We have seen at least one example of Vajrapani holding a vajra sceptre in his right hand and the tall stem of a lotus in the other, instead of a bell. This figure stands with poise despite unusually broad shoulders and big limbs.
He has Pala-style facial features and accessories.
His short dhoti is richly incised and held in place with a belt decorated with a raining jewel pendant.
This Vajrapani holds a vajra sceptre before his heart and a bell (ghanta) at hip level. He has a knee-length dhoti decorated with an incised lotus pattern and is adorned with princely jewellery including floral earrings and a necklace with a heart-shaped bead in the middle.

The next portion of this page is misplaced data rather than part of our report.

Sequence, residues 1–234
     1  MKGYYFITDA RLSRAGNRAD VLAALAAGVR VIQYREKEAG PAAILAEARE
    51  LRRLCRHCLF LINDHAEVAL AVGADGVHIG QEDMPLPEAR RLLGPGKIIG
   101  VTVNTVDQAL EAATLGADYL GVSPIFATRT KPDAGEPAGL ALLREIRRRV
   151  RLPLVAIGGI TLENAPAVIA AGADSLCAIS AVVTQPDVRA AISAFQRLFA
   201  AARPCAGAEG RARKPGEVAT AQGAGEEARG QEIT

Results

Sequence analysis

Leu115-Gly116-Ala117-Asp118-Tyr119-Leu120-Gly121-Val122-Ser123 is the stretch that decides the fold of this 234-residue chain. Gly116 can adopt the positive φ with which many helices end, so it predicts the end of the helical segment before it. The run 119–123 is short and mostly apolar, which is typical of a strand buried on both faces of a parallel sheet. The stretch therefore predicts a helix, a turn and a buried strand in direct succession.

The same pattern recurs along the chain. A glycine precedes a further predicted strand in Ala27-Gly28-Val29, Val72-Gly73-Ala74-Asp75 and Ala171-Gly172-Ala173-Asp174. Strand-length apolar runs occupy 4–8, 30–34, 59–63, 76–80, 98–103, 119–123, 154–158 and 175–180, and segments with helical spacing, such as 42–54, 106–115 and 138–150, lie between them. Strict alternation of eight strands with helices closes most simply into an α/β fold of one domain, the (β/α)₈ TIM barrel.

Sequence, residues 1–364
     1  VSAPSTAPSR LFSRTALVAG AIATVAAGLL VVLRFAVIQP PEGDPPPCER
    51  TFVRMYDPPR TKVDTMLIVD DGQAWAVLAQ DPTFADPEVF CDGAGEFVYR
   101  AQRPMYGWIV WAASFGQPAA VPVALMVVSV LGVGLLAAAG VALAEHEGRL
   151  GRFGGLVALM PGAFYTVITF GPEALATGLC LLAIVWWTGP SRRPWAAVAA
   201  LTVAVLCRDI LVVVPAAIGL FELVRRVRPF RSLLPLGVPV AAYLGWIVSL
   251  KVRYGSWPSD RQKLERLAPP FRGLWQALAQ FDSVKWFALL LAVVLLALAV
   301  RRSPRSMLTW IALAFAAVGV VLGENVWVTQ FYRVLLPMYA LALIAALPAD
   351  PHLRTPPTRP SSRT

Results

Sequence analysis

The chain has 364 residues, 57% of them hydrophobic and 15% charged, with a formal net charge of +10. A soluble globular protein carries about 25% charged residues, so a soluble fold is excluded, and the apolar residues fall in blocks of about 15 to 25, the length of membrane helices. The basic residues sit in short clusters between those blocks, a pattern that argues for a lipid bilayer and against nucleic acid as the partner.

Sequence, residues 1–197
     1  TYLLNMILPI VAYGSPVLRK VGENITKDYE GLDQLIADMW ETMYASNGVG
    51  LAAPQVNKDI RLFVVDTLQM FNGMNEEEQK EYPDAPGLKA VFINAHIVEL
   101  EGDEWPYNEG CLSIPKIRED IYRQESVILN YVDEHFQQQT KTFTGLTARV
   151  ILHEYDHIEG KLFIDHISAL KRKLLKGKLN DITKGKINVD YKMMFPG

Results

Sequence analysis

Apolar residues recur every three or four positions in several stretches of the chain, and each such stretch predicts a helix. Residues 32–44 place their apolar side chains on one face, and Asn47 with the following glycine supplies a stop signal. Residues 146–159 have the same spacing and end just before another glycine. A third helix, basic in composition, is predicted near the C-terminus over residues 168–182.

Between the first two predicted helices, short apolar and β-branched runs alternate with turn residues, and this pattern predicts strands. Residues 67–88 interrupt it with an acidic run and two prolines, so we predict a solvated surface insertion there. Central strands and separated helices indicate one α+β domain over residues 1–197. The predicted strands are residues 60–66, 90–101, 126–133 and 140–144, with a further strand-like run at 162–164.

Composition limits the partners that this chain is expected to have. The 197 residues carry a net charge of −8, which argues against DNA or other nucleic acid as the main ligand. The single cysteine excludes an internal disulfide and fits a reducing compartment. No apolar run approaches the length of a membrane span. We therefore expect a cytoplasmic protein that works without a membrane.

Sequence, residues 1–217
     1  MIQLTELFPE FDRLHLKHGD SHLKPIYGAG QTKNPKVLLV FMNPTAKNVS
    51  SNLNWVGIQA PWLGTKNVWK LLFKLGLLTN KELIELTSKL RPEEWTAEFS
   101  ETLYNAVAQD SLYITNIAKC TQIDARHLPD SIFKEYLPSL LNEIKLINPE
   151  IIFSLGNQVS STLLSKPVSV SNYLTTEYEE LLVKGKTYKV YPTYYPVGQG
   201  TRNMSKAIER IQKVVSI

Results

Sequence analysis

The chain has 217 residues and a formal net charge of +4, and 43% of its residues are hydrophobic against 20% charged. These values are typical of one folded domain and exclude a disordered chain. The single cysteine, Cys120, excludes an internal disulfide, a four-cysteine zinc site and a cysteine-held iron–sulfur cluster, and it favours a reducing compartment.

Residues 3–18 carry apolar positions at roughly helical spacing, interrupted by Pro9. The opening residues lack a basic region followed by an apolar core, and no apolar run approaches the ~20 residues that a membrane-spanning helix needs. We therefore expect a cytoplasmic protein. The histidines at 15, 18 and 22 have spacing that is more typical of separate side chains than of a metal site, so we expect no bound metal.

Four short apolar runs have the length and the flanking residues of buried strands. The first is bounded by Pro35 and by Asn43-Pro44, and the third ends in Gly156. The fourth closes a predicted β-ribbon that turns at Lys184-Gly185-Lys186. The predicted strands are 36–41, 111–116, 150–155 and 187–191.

There is an effigy of Akshobhya in his headdress.
There is no gilding at the back of the statue, which probably had a mandorla fastened to it.
There is a debate as to whether this work actually dates from the 12th-13th century or whether it is a Pala revival sculpture. The fact is that the sharpness of the petals on the pedestal and the chiselled effect of his plaited hair and of the flowers he holds are not typical of early Tibetan works, and his accessories are a curious mixture of styles and periods.
He is seated with his legs gathered loosely, leaning on his left hand in which he grasps the stem of a lotus. he holds a vajra sceptre horizontally in his right hand.